Some considerations should be mentioned about the interconnection of QbD and intelligent software packages. To get a robust method, we need to know the influence of parameters and their combined action on a separation. In QbD this means we have to establish the design space, a region where we have baseline separation. In a classical tria-land-error approach one needed thousands of experiments and the final result might have been robust or not. It was hard to predict the resolution outside of an investigated area. Using intelligent software approaches, the number of measurements can be reduced by two or three orders of magnitude down to 12 runs (14,15). The critical point is the robustness of the separation. In trial-and-error approaches it is impossible to run hundreds of experiments; therefore the robustness is always under debate. Using intelligent software, 12 measurements are enough to get a robust method and indicate its limits (4).
This article investigates the development of an HPLC method for a pharmaceutical drug and its impurities using modelling software with multifactorial optimization of three measured critical HPLC method parameters — gradient time (tG), temperature (T), and pH — as well as further calculation of three factors: the flow rate, %B start, and %B end using UHPLC.
Chemicals: The mobile phase used in this work was a mixture of acetonitrile and 5 mM citrate buffer. Acetonitrile (gradient grade), citric acid, sodium hydroxide, standard reference buffers (pH 2.00, 4.01, and 7.00) were purchased from Merck. For the measurements, water was prepared fresh using ELGA Purelab UHQ water (ELGA). The buffer was filtered before use on regenerated cellulose filter membrane with a pore size of 0.2 µm (Sartorius).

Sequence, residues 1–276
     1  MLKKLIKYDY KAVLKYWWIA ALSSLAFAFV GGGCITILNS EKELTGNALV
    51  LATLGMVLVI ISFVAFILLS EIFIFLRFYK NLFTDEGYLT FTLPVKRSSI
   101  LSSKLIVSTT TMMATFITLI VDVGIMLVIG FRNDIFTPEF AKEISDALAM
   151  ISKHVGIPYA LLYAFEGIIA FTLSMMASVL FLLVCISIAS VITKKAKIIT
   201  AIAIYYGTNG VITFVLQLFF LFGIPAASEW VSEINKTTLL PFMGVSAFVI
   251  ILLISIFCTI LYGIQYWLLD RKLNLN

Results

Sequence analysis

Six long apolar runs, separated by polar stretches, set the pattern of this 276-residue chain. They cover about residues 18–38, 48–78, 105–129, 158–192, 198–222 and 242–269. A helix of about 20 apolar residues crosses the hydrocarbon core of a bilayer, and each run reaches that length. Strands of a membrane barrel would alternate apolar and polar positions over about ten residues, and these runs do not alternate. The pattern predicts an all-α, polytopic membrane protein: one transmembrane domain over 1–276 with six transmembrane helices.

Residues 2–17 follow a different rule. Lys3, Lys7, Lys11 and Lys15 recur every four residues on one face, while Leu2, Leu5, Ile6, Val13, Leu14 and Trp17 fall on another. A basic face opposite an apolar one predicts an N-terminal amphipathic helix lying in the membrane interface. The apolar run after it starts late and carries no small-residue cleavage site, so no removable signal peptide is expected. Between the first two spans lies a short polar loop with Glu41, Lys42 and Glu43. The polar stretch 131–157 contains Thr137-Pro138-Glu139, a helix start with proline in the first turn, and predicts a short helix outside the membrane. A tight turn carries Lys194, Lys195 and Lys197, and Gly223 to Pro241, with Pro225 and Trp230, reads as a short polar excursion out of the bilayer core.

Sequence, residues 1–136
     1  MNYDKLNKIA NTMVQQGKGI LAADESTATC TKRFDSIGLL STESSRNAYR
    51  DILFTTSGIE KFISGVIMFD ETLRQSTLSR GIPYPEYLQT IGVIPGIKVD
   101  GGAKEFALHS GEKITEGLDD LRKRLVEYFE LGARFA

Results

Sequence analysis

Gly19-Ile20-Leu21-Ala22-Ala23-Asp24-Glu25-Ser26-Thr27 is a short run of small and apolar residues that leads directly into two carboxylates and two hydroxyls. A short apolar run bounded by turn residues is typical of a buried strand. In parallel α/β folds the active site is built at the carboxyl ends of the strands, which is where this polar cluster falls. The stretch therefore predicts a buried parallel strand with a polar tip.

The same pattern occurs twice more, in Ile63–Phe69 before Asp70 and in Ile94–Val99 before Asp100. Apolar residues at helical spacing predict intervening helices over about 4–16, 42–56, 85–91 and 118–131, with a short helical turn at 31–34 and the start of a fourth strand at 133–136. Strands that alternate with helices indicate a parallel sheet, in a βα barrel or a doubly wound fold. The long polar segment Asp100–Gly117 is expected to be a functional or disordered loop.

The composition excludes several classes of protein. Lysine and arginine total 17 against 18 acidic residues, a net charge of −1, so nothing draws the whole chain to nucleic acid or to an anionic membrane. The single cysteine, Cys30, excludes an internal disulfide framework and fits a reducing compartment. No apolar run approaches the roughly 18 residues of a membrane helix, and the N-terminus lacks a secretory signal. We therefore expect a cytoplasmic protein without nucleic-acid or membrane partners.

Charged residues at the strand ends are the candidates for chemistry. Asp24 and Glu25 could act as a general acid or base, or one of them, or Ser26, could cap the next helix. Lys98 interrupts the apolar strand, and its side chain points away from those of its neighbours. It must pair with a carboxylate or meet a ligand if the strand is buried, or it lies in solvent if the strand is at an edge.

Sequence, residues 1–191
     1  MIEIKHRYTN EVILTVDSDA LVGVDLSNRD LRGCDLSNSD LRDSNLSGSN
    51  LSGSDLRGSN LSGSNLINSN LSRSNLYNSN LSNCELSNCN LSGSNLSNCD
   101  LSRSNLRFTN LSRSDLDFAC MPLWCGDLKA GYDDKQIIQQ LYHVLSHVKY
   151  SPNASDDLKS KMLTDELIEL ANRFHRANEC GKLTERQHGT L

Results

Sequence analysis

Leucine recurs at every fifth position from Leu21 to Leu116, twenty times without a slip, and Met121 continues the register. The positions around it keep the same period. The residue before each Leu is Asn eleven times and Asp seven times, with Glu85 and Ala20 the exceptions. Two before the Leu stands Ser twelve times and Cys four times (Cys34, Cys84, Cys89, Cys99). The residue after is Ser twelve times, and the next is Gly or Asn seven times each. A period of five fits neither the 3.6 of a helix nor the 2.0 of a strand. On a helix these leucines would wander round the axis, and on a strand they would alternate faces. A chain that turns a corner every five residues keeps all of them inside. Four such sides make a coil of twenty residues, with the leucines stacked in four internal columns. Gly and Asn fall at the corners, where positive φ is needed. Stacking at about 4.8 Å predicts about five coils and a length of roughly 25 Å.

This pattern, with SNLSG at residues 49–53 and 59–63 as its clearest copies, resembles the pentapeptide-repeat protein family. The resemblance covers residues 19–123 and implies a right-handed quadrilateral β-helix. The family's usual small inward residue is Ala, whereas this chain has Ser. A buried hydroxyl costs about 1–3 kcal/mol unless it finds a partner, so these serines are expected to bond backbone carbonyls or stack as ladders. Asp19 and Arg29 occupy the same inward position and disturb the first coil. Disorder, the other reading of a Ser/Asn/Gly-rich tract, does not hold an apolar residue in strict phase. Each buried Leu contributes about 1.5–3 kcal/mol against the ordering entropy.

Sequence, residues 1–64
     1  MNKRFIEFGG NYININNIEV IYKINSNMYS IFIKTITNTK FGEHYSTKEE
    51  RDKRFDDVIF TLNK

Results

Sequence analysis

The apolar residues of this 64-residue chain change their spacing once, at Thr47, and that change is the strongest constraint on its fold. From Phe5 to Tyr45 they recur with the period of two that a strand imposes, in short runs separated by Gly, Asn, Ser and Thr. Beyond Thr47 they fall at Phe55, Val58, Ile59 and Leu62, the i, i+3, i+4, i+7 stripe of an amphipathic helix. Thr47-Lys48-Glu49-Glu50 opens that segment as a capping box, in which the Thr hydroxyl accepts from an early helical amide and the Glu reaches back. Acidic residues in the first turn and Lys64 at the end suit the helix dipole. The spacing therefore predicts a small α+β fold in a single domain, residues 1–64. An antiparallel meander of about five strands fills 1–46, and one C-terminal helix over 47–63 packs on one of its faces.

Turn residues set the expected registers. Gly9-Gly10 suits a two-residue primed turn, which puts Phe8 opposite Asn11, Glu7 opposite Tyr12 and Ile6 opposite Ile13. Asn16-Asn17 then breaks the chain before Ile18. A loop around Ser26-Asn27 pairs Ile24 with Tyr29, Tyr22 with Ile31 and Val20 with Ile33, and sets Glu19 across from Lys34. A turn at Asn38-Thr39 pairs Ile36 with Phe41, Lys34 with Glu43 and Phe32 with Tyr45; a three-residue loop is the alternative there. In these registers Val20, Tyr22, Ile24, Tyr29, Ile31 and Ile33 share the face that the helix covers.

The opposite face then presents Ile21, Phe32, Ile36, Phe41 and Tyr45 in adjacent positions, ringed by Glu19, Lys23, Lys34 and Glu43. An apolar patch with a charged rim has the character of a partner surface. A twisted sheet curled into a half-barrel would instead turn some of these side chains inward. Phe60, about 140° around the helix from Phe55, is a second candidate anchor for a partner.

The sample used throughout the study was an API and its starting materials (Stm), intermediates (Int), and known and unknown impurities (Imp).
Equipment and Software: UHPLC was performed using a Waters Acquity UPLC system equipped with a binary solvent delivery pump, an autosampler, a photodiode-array detector, a 5-µL injection loop and 500-nL flow cell, and Empower software. The column was a 50 mm × 2.1 mm, 1.7-µm dp Acquity BEH C18 UPLC column, which was selected from a large database with more than 500 reversed-phase columns (1). The dwell volume of the system was measured to be 0.125 mL.
An MP 225 pH meter was purchased from Mettler-Toledo.
Modelling was carried out using DryLab v. 188.8.131.52 software, and the quantitative robustness evaluation of generated models was performed with the latest DryLab Robustness module v.1.0. (Molnár-Institute).
MarvinSketch v. 6.0.2 software was purchased from ChemAxon.
Sample: Our study examined an API and its intermediates that were formed during the API manufacturing process. The flowchart of the synthesis can be seen in Figure 1. Both intermediates and newly formed impurities (Stm1, Stm2, and Int1–Int7) can be found in the final product. Two impurities (Imp1 and Imp2) were identified. They were synthesized and used for their identification in the reaction mixture. The identification of two other impurities (Imp3 and Imp4) is in progress.
Figure 1: Flowchart of the API preparation.
Determining the starting points for prediction of retention and resolution by the modelling software is important. There are three ways to do this. The first is to run a reversed-phase gradient from 0 to 100% acetonitrile or methanol on a C18 column. The second is based on previous scientific knowledge, the "Knowledge Space", if available. The third is to predict some physicochemical parameters using intelligent modelling software, if possible. However, if there are unknown components then all three approachs are of limited use. Because we had two unknown impurities, we decided to use a reversed-phase gradient. The gradient time was established with a so called "scouting gradient," where we tried to find all possible unknowns before validating the method. Therefore, we tried to accommodate all known and unknown impurities in the increasing part of the gradient, which in our case was 10–80% B. As gradient times, we selected 1.5 min and 4.5 min. The temperature range tested in two different models between 20 and 80 °C.